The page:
How Does Feedback Sensitivity Affect Risk Taking in Anxious Individuals?

People with anxiety tend to have increased sensitivity toward situations that they perceive as threatening. This is one of the hallmark symptoms of anxiety problems such as generalized anxiety, social anxiety, phobias, and panic. Because people with anxiety are more apprehensive and averse to the potential negative outcome of events than those who do not exhibit anxious behaviors, they tend to take less risks. There are a number of studies that have focused on risk-taking behavior in anxious and nonanxious individuals. But fewer studies have looked specifically at the underlying factors related to risky and nonrisky decision making and how the subsequent outcomes affect future choices. To address these questions, Cinzia Giorgetta of the Department of Cognitive Science and Education and the Center for Mind Brain Sciences at the University of Trento in Italy recently led a study that analyzed the decisions and outcomes of participants with and without anxiety.

For the study, Cinzia assessed 20 individuals with panic problems or generalized anxiety and compared their risk taking behaviors to 20 participants with no history of anxiety. The participants were presented with two separate gambling scenarios, one with a high risk/reward outcome and one with a low/risk reward outcome. Cinzia discovered that the anxious participants chose the low risk/reward option more often than the high risk/reward option, whereas the nonanxious participants more often chose the high risk/reward option. The experiment also revealed that the anxious participants were more sensitive to the outcome of their choices. In particular, the participants with anxiety were less likely to take risks with each subsequent choice, regardless of the outcome. Additionally, the anxious participants demonstrated less satisfaction with gains than the nonanxious participants. However, those few anxious participants who did demonstrate happiness with their outcomes were inclined to take more risk with future choices. The results of this study expose behavior patterns that are unique to individuals with anxiety. Cinzia added, “These findings suggest promising new avenues of research with clinical populations that could be usefully employed in standard models of decision making, as well as in clinical treatment.”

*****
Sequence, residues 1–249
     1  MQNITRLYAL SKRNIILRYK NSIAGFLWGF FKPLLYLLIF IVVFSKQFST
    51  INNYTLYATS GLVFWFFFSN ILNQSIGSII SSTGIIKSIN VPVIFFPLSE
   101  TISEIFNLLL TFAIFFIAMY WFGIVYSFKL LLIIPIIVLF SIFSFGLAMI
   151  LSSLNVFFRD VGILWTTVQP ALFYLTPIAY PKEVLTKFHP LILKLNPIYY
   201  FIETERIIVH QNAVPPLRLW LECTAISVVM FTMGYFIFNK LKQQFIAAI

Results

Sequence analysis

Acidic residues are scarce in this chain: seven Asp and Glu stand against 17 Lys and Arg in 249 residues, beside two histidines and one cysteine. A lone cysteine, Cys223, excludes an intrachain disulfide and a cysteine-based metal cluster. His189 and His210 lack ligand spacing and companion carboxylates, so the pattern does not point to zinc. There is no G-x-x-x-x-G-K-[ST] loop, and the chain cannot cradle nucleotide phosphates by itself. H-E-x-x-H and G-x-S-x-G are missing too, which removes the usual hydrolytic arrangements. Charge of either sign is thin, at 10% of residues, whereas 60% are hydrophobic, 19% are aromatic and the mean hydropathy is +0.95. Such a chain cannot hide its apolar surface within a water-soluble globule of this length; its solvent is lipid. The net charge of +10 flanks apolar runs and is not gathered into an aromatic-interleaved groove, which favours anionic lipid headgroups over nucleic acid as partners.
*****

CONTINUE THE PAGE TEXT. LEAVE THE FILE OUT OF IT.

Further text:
Giorgetta, C., Grecucci, A., Zuanon, S., Perini, L., Balestrieri, M., Bonini, N., et al. (2012). Reduced risk-taking behavior as a trait feature of anxiety. Emotion. Advance online publication. doi: 10.1037/a0029119

Related articles:
Imagine Not Worrying: How to Stop Scaring Yourself
Exploring the Effects of Anxiety

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  • Bellamy


    July 25th, 2012 at 11:33 AM

    From the way I am reading this, you make it sound like risk taking would be the more preferable choice for people to exhibit? Why is this? Even if there is a likelihood that they will receive a reward there is still the possibility that this will not be the case. So why always advocate the risk taking behavior when possibly the behavior that the anxios participants are exhibiting could be perceived by some to be the smarter, safer move?

  • Laura


    July 26th, 2012 at 4:21 AM

    I have always been a pretty laid back kind of person, there is not too much that I let bother me. So reading so many of the articles that have been posted here this week have been real eye openers for me. I never really understood where much of this anxiety came from or the ways that it can physically affect people, but this is far more serious than I have ever admitted. I always thought that they could just be a little more like me, and just get past some of that. I see now that it isn’t so easy. They have what I may consider irrational reactions to certain stiuli, but what I need to be more considerate of is that this is something that they can’t help until they are given the chance to get help, and that I can b more of a friend when I help them find that way to change.

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Title   Content   Author is not intended to be a substitute for professional advice, diagnosis, medical treatment, or therapy. Always seek the advice of your physician or qualified mental health provider with any questions you may have regarding any mental health symptom or medical condition. Never disregard professional psychological or medical advice nor delay in seeking professional advice or treatment because of something you have read on